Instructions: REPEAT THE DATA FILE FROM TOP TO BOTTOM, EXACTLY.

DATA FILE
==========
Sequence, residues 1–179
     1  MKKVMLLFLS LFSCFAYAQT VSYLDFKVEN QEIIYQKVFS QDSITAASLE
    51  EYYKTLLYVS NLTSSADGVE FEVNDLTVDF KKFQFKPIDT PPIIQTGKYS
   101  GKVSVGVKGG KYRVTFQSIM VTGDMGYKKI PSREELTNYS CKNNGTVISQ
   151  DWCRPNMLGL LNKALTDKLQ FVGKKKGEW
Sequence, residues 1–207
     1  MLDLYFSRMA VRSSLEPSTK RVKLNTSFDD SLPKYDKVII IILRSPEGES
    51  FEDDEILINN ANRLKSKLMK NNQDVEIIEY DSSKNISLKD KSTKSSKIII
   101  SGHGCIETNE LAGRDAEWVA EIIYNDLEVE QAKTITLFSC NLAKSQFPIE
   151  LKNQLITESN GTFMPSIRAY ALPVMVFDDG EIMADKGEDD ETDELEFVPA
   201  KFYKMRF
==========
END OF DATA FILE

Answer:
Sequence, residues 1–179
     1  MKKVMLLFLS LFSCFAYAQT VSYLDFKVEN QEIIYQKVFS QDSITAASLE
    51  EYYKTLLYVS NLTSSADGVE FEVNDLTVDF KKFQFKPIDT PPIIQTGKYS
   101  GKVSVGVKGG KYRVTFQSIM VTGDMGYKKI PSREELTNYS CKNNGTVISQ
   151  DWCRPNMLGL LNKALTDKLQ FVGKKKGEW
Sequence, residues 1–207
     1  MLDLYFSRMA VRSSLEPSTK RVKLNTSFDD SLPKYDKVII IILRSPEGES
    51  FEDDEILINN ANRLKSKLMK NNQDVEIIEY DSSKNISLKD KSTKSSKIII
   101  SGHGCIETNE LAGRDAEWVA EIIYNDLEVE QAKTITLFSC NLAKSQFPIE
   151  LKNQLITESN GTFMPSIRAY ALPVMVFDDG EIMADKGEDD ETDELEFVPA
   201  KFYKMRF